Ashley Brooks now knows a thing or two about leadership. But fresh out of undergraduate and seminary programs at Indiana Wesleyan University, she wasn’t quite so equipped.
When mentors suggested she pursue residency, Ashley contacted Cypress Wesleyan Church near Columbus, Ohio. As a basketball star with a passion for ministry, she fit right into their sports ministry program.
The year-long residency program at Cypress Wesleyan provided the hands-on experience Ashley lacked, while surrounding her with mentors to keep her on track.
The residency program provided the hands-on experience I lacked, surrounding me with mentors to keep me on track.
In her new position, Ashley was expected to juggle schedules and logistics for 250-500 community kids during three sports seasons. She quickly realized learning would be do-or-die. “I had a passion for sports and faith integration. But I had never run that kind of program before.”
Residency provided Ashley with the confidence, competence and safety net she needed to hone her skills. “People are messy; ministry is messy. In a residency program you’re experiencing this firsthand, but you can step back from it because you’re not the one in charge.”
Ashley advises ministry students to start their career with a residency position. “In reality, those who are prepared right out of college are few and far between. Finding a residency program is one of the best things any ministry student can do.”
But not all residency programs are created equal. Ashley advises future ministry candidates to look for four characteristics of a successful residency:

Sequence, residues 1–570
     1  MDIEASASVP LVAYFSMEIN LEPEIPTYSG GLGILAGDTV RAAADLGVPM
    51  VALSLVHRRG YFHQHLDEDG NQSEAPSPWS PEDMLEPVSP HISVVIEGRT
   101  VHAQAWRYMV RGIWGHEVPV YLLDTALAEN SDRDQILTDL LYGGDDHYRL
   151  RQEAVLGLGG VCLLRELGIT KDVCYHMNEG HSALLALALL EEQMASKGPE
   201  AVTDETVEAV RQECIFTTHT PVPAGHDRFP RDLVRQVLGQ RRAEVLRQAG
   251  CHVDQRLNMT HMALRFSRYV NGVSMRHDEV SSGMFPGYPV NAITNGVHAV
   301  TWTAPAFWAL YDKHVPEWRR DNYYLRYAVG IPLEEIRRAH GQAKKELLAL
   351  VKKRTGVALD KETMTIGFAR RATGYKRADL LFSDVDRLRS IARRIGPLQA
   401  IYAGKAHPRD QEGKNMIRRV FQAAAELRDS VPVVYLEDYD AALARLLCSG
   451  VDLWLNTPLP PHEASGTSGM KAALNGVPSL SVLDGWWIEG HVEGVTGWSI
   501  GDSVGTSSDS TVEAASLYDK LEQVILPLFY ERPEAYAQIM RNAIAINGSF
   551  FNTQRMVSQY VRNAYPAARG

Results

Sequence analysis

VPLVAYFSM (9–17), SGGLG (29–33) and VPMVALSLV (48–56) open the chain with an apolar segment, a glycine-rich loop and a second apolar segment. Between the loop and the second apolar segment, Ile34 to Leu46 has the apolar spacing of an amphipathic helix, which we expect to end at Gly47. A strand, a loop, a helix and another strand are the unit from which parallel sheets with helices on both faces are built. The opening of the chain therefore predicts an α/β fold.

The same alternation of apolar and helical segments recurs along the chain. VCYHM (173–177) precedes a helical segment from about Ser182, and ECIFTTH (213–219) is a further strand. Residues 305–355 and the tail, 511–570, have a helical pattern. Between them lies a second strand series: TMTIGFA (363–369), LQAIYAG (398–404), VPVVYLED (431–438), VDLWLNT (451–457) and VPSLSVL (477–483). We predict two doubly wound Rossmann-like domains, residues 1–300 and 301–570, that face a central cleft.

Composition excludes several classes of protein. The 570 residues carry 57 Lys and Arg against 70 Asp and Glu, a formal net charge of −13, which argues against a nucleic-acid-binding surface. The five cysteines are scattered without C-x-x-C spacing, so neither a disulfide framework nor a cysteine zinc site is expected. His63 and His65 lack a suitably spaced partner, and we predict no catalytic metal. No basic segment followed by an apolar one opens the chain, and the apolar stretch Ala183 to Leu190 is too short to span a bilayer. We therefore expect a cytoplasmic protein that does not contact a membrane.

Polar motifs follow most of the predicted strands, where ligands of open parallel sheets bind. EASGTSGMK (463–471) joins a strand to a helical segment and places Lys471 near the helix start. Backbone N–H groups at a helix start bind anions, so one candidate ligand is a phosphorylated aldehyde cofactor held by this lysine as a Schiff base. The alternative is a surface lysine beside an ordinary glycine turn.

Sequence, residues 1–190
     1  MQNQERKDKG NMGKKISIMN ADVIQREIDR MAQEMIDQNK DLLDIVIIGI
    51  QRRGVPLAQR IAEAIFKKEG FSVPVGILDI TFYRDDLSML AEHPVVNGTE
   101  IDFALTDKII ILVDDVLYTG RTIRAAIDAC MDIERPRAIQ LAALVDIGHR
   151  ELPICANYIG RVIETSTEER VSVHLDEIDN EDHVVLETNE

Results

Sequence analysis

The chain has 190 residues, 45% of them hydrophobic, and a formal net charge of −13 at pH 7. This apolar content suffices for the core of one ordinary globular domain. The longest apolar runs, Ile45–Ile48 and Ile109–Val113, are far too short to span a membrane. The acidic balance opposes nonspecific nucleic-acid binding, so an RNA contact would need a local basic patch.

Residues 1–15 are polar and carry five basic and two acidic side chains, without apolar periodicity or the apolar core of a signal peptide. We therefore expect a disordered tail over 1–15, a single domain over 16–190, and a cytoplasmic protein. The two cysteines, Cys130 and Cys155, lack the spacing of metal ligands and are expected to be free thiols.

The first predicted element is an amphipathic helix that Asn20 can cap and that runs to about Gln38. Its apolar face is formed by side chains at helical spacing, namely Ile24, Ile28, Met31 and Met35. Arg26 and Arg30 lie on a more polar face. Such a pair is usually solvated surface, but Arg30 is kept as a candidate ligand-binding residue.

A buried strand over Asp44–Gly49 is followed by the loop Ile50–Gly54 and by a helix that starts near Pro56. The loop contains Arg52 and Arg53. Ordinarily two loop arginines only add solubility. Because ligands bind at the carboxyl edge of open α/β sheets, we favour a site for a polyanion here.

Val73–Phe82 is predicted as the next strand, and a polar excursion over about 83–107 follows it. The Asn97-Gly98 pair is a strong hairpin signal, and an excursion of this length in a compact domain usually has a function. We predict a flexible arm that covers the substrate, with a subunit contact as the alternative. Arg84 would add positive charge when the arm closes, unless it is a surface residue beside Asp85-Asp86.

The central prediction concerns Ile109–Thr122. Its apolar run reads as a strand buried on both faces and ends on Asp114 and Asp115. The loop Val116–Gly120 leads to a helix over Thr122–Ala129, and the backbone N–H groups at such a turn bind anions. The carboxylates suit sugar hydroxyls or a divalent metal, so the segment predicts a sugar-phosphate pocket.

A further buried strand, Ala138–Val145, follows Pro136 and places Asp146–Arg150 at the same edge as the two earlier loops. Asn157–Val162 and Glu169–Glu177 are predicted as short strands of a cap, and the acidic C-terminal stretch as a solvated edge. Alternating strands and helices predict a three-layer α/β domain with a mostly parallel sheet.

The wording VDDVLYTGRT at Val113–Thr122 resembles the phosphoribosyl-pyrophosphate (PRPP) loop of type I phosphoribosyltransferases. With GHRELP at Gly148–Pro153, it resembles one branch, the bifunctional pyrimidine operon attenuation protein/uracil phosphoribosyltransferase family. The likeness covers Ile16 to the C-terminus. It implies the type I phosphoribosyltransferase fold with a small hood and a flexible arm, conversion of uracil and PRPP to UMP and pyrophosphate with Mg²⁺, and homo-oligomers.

1. Find a program that coaches you: “A good program should allow you to take responsibility in your area, but also be there to mentor you. In my program, based on my skill sets and passions, they handed me my expectations. But they also guided me along the way. We met weekly with our mentors and coaches.”
A good residency program should allow you to take responsibility in your area, but also be there to mentor you.
2. Find a program where you can add value: Residencies should be a win-win situation for you and your hosting church. “It’s not just what you take from them, but what they learn from you. You want to be a person who can give back, with whatever skills you bring to your area.”
3. Find a program that values leadership: Look for a culture of leadership development, both for staff members and lay leaders. “Many of the nitty-gritty details aren’t done by us on staff; they’re done by volunteers. Ministry depends on equipping others to be solid leaders.”
4. Find a program that offers diversity: Look for a position that encourages you to participate in a few different ministries, whether in the church or in the community. Ashley’s experience was diversified through visits to other local churches, with congregations of 50 and then 500. “For two weeks, we lived and breathed those churches, participating in ministry and understanding the different dynamics at work. It allowed people to see themselves at churches of all sizes.”
Ashley found her fit at Cypress Wesleyan, and now serves on staff as GroupLife and Local Outreach Leader. In her staff role, skills learned during her residency have proved invaluable. “In the sports program, I was constantly evaluating whether someone would be a good coach or help the ministry.” Today, her knack for identifying potential leaders undergirds a ministry that depends on volunteers for its vitality.
Ashley’s time at Cypress Wesleyan has sharpened her vision and amplified her passion for her community. “It’s not perfect, but God does some crazy awesome things in the local church.”
Gabriela Garver is a staff writer for Education and Clergy Development. Recently returned from a year studying in Istanbul, Turkey, Gabriela is finishing her undergrad degree in International Relations at Indiana Wesleyan University. After graduation, she hopes to work with refugee resettlement. When she’s not writing, Gabriela enjoys walks, talks, and road trips.